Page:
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When we visited Greece at the age of 20, we ate well without spending much. There were nests of fried smelts piled around puddles of skordalia. There was blistered octopus served next to the foil-wrapped brick that once smashed it against the grill's grate. There were yellow loaves of dense-crumbed olive oil bread. There were countless bottles of wine, the most enjoyable of which, naturally, were local blends in tall label-less plastic water bottles.
Over the course of our journey though, one of our favorite dishes came to be the humble taverna stand-by lemon potatoes -- invariably served at room temperature, the fingers of spud soft and inviting, nestled in a pool of oil. Outside of our own kitchen, we've seldom seen them since. Then, two weeks ago, we grabbed a quick bite at Aliki's Greek Taverna after an arrival at LAX.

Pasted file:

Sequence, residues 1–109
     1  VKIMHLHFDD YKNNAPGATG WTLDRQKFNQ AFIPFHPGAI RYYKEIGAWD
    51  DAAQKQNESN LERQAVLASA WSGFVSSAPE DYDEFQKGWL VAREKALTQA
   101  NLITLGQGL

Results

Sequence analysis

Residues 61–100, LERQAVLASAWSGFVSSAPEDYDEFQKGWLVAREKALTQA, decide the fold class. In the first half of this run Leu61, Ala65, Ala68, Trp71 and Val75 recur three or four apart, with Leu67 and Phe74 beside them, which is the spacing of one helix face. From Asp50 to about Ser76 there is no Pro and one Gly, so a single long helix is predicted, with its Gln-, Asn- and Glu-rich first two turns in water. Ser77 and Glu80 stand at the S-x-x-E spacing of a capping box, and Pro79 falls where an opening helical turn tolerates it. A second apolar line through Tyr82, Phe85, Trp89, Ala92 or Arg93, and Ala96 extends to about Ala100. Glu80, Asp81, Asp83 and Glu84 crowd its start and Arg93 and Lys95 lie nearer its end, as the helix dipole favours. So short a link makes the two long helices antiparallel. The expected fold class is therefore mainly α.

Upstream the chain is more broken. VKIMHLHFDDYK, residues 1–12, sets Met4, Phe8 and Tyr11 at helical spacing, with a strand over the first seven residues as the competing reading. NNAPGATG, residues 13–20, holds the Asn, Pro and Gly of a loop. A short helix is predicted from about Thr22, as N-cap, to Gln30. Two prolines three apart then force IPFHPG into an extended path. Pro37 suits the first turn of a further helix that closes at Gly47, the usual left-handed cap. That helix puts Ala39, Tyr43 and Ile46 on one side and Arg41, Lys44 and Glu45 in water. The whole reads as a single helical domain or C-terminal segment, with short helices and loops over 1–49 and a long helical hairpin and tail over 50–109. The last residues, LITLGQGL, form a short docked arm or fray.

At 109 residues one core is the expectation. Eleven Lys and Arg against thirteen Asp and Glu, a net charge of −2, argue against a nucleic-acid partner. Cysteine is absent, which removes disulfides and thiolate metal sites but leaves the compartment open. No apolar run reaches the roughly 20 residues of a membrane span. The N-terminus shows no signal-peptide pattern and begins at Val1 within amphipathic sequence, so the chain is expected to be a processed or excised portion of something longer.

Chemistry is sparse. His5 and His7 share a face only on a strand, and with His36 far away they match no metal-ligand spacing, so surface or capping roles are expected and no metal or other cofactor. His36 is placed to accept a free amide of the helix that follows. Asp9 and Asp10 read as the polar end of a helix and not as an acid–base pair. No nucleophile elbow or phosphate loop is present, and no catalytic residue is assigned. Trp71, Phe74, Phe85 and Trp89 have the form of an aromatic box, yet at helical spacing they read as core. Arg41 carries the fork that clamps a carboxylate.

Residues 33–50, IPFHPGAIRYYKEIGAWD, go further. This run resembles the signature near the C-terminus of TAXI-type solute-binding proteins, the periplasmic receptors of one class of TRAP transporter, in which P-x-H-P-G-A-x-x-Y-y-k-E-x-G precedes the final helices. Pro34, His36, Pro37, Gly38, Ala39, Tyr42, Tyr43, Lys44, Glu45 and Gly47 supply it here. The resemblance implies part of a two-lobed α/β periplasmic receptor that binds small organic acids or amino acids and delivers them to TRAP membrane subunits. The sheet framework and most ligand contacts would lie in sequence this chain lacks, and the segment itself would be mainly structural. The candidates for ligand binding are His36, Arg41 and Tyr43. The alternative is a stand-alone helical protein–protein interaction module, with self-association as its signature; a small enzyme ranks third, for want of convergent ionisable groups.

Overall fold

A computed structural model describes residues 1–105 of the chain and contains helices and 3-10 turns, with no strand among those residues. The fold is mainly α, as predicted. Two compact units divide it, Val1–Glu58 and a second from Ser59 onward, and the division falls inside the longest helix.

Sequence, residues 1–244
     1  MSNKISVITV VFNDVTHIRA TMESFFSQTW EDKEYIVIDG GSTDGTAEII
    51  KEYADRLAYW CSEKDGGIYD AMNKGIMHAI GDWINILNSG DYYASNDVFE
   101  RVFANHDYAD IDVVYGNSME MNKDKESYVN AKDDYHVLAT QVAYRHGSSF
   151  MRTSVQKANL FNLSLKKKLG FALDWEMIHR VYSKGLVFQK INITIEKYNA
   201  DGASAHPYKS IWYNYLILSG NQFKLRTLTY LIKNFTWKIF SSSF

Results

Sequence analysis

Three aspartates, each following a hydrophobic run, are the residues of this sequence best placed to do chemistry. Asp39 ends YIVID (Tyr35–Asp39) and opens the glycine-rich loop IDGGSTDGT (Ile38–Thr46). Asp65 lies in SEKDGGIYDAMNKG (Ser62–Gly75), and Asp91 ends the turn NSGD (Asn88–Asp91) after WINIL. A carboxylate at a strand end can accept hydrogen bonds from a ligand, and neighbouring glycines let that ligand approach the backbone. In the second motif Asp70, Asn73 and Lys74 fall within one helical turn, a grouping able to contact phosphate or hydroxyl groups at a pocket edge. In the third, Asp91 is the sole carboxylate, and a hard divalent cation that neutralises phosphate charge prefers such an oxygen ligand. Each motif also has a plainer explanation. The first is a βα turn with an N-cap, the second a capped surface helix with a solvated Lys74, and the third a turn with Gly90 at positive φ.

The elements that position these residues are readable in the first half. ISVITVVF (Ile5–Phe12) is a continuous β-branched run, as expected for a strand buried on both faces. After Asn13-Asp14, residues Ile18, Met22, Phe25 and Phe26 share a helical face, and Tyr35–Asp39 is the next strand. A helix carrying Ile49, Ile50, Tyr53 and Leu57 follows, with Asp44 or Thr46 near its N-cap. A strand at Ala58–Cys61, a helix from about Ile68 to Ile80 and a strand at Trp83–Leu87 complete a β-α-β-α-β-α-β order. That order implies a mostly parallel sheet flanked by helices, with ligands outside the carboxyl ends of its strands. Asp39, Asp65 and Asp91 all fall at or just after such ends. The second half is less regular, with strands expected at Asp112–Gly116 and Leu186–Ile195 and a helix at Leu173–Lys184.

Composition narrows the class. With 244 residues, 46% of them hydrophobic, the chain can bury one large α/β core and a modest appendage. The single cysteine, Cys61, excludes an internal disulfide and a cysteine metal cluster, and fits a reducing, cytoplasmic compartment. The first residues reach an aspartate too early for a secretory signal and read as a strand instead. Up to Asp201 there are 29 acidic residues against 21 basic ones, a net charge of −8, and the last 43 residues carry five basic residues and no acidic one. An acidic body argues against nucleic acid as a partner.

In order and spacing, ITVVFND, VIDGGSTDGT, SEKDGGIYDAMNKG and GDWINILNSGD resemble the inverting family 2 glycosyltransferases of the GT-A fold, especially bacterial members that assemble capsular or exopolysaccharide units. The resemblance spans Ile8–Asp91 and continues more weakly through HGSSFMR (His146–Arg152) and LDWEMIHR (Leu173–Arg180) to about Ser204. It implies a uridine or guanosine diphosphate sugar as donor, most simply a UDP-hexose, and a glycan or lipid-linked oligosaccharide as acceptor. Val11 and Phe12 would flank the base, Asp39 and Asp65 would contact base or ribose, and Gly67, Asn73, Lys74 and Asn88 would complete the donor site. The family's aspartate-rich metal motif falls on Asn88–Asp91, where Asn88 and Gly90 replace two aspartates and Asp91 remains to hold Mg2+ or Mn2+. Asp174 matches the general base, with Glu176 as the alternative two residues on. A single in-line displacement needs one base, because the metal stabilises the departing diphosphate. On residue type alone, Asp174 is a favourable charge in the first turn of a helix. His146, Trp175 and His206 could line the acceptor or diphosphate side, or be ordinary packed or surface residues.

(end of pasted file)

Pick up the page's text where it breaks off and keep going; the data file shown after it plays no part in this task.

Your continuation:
To say this restaurant is in LAX would be a slight exageration. It's not an escalator away from baggage claim, but it's also not exactly anywhere else. It's a family business, the waiter will be sure to say if you, like many of the customers, want to chat before you order your falafel, calamari, taramosalata, and horiatiki.
The potatoes aren't the main event. They're a side dish, but that does nothing to diminish their bright light. They're not served at room-temperature, but they do possess all the classic hallmarks: a mellow but profuse baked-in lemon flavor, uncrumbly flesh a fork can slice as easily as barbecued brisket, and just enough garlic. The only missing element? A telltale lagoon of greenish-yellow oil at the bottom of the plate after the last bite.